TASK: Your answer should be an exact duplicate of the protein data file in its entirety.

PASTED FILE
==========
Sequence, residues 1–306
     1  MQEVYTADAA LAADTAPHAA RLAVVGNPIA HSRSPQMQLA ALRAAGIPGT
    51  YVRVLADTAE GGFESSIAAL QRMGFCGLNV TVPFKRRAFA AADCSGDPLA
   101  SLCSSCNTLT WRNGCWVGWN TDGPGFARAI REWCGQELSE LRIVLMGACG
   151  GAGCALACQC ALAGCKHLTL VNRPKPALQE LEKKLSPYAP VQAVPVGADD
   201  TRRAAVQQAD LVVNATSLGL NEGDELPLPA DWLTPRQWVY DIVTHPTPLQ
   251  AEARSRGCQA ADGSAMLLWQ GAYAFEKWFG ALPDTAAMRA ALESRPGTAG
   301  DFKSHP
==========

Sequence, residues 1–306
     1  MQEVYTADAA LAADTAPHAA RLAVVGNPIA HSRSPQMQLA ALRAAGIPGT
    51  YVRVLADTAE GGFESSIAAL QRMGFCGLNV TVPFKRRAFA AADCSGDPLA
   101  SLCSSCNTLT WRNGCWVGWN TDGPGFARAI REWCGQELSE LRIVLMGACG
   151  GAGCALACQC ALAGCKHLTL VNRPKPALQE LEKKLSPYAP VQAVPVGADD
   201  TRRAAVQQAD LVVNATSLGL NEGDELPLPA DWLTPRQWVY DIVTHPTPLQ
   251  AEARSRGCQA ADGSAMLLWQ GAYAFEKWFG ALPDTAAMRA ALESRPGTAG
   301  DFKSHP